Oligomers of tubulin can polymerize!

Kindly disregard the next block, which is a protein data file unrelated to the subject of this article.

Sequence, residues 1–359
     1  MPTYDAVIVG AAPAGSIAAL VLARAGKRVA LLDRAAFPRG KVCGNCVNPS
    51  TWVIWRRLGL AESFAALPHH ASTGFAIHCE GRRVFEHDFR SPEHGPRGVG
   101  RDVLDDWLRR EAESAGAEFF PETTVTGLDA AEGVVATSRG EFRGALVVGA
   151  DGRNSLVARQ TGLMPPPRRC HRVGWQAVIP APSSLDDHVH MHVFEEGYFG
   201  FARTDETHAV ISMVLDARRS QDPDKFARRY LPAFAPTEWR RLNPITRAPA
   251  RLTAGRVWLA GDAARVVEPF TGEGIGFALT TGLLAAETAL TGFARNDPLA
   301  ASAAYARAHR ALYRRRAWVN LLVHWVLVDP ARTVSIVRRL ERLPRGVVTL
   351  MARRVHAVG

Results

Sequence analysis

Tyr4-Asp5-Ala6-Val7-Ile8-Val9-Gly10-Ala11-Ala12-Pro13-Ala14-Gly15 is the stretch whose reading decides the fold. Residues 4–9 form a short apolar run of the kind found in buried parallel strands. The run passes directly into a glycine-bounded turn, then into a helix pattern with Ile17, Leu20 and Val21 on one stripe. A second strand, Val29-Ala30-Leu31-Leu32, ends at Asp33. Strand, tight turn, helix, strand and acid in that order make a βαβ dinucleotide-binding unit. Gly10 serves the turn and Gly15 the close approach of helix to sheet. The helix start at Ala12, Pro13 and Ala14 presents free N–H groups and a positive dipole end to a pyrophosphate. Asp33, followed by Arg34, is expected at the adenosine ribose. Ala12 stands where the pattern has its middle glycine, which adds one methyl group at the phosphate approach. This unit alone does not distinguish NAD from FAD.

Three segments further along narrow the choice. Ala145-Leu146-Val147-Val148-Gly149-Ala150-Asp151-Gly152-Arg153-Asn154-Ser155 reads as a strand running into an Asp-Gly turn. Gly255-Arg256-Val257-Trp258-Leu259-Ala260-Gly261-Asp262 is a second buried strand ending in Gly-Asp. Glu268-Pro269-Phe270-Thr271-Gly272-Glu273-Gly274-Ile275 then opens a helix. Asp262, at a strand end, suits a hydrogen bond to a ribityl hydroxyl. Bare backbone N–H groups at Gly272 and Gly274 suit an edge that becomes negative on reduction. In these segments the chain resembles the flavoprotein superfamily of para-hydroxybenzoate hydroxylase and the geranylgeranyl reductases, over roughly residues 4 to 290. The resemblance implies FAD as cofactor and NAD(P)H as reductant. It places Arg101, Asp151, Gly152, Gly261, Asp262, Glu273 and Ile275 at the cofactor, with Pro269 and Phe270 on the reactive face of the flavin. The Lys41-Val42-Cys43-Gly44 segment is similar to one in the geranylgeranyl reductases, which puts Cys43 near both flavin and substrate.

This is an important step for studying microtubule dynamics and is in my humble opinion among the most important papers on the microtubule front since Mitchison first described dynamic instability (Mitchison, 1984). As the title suggests this paper provides insight into microtubule polymerization at a molecular level. Prior to this work by the Dogterom laboratory we have only been unable to study how individual tubulin molecules polymerize within a microtubule. Many researchers (including myself) have speculated that tubulin under certain circumstances (i.e. in the presence of microtubule plus-end tracking proteins - +TIPs) might add as an oligomer that might then act as a stabilizing cap to facilitate further polymerization. This paper uses optical tweezer technology to show that MTs polymerized exclusively from tubulin grows in step sizes of up to 30 nm (a tubulin dimer is only 8 nm so this is clearly oligomers of some sort can polymerize). They go on to show that XMAP215 increases the step size to 60 nm thus supporting those hypotheses that +TIPs can add tubulin oligomers. Finally, they go the extra step using physics to demonstrate that the steps are not the result of open sheet closure but instead actual addition of tubulin oligomers. This work is clearly only a stepping stone leaving many unresolved questions. For example are the oligomers a single protofilament of tubulin or does a tubulin oligomer add within multiple protofilaments. Additionally this work provides a method to study the effects of +TIPs on MT assembly as opposed to the reckless hypothesizing with which we are familiar.